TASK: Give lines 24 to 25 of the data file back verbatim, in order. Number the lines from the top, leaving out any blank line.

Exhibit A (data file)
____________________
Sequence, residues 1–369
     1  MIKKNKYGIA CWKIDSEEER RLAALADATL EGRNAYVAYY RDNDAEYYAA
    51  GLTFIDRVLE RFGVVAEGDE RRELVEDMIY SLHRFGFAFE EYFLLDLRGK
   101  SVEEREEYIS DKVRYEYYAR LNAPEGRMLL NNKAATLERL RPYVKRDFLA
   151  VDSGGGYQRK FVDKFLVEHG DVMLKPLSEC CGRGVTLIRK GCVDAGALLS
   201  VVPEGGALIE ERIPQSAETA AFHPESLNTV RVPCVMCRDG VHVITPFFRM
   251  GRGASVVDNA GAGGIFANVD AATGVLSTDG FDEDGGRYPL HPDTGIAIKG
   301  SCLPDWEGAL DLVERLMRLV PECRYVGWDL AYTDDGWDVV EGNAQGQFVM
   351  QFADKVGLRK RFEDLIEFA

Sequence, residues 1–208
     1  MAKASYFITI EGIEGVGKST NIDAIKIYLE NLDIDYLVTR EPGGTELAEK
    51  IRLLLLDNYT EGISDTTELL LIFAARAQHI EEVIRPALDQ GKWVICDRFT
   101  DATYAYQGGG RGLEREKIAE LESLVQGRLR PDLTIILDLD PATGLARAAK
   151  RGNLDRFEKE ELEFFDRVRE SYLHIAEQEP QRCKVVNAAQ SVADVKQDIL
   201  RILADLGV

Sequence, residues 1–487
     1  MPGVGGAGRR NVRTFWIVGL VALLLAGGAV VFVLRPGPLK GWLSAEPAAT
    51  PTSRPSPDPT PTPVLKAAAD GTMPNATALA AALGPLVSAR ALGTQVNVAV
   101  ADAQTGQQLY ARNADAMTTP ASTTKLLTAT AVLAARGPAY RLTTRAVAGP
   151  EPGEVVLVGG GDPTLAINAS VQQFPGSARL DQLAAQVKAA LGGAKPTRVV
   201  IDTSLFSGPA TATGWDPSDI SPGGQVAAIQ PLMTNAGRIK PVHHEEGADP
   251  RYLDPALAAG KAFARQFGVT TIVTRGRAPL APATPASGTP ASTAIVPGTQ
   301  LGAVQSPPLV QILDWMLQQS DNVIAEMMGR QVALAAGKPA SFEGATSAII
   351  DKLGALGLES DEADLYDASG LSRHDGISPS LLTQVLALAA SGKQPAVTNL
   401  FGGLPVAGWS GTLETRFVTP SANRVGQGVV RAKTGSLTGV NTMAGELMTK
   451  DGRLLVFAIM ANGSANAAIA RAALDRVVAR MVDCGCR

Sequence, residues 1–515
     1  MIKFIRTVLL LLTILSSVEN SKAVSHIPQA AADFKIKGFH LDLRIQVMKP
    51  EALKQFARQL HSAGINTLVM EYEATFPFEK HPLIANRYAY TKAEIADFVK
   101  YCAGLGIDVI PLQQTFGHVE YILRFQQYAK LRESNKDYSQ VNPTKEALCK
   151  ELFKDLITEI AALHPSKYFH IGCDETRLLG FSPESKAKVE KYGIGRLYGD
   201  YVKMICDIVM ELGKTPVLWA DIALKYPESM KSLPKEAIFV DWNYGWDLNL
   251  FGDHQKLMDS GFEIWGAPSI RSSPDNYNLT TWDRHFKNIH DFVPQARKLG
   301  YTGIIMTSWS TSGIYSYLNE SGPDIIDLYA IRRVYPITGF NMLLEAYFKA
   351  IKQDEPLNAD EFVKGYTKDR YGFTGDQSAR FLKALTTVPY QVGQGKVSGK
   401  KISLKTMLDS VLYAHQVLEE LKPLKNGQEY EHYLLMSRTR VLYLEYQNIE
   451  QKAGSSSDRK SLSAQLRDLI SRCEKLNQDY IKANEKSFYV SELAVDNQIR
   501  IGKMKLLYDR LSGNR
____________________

   351  DKLGALGLES DEADLYDASG LSRHDGISPS LLTQVLALAA SGKQPAVTNL
   401  FGGLPVAGWS GTLETRFVTP SANRVGQGVV RAKTGSLTGV NTMAGELMTK